The US warned Iran that any attacks on its positions in Iraq would get a robust, if proportional, response. After Iranian-backed Shi’a militias marked the late Qassem Soleimani’s birthday by lobbing thirty-plus missiles at the Taji air base and killed two US and one British soldiers, the US launched air attacks on multiple locations in retaliation. The attacks took aim at weapons caches as well as militia strongholds, although no assessment of damage has been made public yet:
The Pentagon said in a statement that U.S. forces hit facilities “across Iraq” linked to Kataib Hezbollah, including storage facilities that housed weapons used in attacks on American and coalition troops.
“The United States will not tolerate attacks against our people, our interests, or our allies,” Defense Secretary Mark T. Esper said in the statement. “As we have demonstrated in recent months, we will take any action necessary to protect our forces in Iraq and the region.”
The aerial bombardment took place around 1:30 a.m., according to the Iraqi military. It was unclear whether any militia members were killed.
In response to a request for a White House statement, a senior administration official said that President Trump had directed U.S. forces to conduct strikes on five Kataib Hezbollah weapons storage facilities “to significantly degrade the group’s ability to carry out future attacks.”
“The President has been clear that we will not stand for the Iranian regime attacking Americans in Iraq or elsewhere, whether directly or through proxies,” the official said in an email.
The timing of the strike on Taji is interesting not just for its tie to Soleimani, who himself was targeted in retaliation for many years of attacks on Americans and others. The Iranians are deep in the throes of the COVID-19 pandemic, which has caught fire in Iran and has only gotten worse. This morning, Iran reported 85 new coronavirus deaths in the previous 24 hours, the worst one-day total outside of China so far. Yesterday, Iran asked the IMF for billions in low-cost loans to deal with the crisis, which they officially acknowledge now involves 10,000 infections — and is probably much worse.
Iran now demands that the US lift sanctions in light of the pandemic, so that Tehran can sell oil to pay for badly needed medical supplies and equipment. Javad Zarif accused the Trump administration of “economic terrorism” in his address today:
Iran’s foreign minister demanded Thursday that the United States immediately halt what he called a “campaign of economic terrorism” and lift sanctions, saying they have made it increasingly difficult for the country to export oil and virtually impossible to import medicine and medical equipment, including to identify and treat coronavirus patients.
Mohammad Javad Zarif said in a letter to U.N. Secretary-General Antonio Guterres that U.S. sanctions have also left thousands of Iranians stranded abroad and severely disrupted air links with Europe. And he said they have led to what he called “Google’s immoral censoring” of a new government app designed to help Iranians identify potential symptoms of the COVID-19 virus. …
“To this end,” Zarif said, “It is imperative that the United Nations and its member states join the Iranian people in demanding that the government of the United States abandon its malign and fruitless approach against Iran.”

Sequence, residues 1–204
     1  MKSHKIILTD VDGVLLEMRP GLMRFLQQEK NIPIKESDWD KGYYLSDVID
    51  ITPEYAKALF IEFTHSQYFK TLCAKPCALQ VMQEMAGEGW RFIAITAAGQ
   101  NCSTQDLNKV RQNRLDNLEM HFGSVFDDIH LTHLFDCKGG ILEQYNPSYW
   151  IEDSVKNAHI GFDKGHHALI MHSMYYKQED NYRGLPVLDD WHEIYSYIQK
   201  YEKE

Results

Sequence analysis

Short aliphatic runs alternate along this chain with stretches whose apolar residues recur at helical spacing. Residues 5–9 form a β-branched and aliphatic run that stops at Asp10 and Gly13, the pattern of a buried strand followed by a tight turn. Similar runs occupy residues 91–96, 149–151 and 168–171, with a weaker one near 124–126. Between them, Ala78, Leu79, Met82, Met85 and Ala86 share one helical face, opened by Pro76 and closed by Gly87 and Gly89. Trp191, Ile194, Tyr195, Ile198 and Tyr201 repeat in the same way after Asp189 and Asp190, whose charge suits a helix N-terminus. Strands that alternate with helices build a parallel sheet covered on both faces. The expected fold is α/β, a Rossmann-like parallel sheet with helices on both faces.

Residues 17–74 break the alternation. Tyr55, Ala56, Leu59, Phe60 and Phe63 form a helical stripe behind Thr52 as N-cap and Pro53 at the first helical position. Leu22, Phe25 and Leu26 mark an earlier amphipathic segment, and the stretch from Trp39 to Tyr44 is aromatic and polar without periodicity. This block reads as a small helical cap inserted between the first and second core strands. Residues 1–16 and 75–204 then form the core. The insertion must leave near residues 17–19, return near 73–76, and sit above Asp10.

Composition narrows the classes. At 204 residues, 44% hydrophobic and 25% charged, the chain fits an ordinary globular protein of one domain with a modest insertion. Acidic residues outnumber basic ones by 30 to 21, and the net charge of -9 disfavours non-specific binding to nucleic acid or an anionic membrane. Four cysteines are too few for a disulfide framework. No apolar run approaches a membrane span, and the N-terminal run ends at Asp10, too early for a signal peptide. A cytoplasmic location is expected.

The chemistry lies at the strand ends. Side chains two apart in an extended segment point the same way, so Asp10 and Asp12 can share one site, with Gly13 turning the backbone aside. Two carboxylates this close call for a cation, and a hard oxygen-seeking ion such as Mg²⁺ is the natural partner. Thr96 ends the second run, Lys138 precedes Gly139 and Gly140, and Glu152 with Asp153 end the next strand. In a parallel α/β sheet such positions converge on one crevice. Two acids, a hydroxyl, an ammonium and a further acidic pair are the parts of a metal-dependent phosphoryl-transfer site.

If the Iranians want help, Secretary of State Mike Pompeo said earlier this week, they should start by releasing all foreign hostages first:
The United States calls on the Islamic Republic of Iran to immediately release on humanitarian grounds all wrongfully detained Americans being held in Iran. The United States will hold the Iranian regime directly responsible for any American deaths. Our response will be decisive.
Reports that COVID-19 has spread to Iranian prisons are deeply troubling and demand nothing less than the full and immediate release of all American citizens. Their detention amid increasingly deteriorating conditions defies basic human decency.
The Iranian regime recently released 70,000 prisoners due to the outbreak of COVID-19, demonstrating its ability to grant clemency and show mercy. Yet it continues to unjustly detain several American citizens, without cause or justification.
Any nation considering whether to provide Iran with humanitarian assistance because of COVID-19 should seek a reciprocal humanitarian gesture by the regime: release all wrongly detained dual and foreign national citizens. This request is well within the regime’s power to grant.
The United States will not rest until all Americans wrongfully detained abroad are returned home.
This is the context that surrounded the attack on Taji earlier this week. The regime is in deep trouble with their ineffective response to COVID-19 and desperately needs a distraction. They also likely suspected that Donald Trump has been weakened as well in the US with the coronavirus concerns here and the heavy criticism of the administration’s handling of the crisis. The attacks in Iraq serve as both a distraction at home and a test of US resolve.
Tehran got an answer to both. The US isn’t incapable of handling two crises at a time, and we have a lot more flexibility on resources than Iran does at the moment. With Iran digging mass graves at Qom in response to the outbreak, the mullahs’ position is becoming a lot more untenable than Trump’s. They don’t have ten months to wait for a new president to cut a deal to save their own skins. They might not have three months if the IRGC starts to fill those mass graves. At some point, they have to decide whether they want to briefly hold a land bridge to the Mediterranean or to hold onto power at home.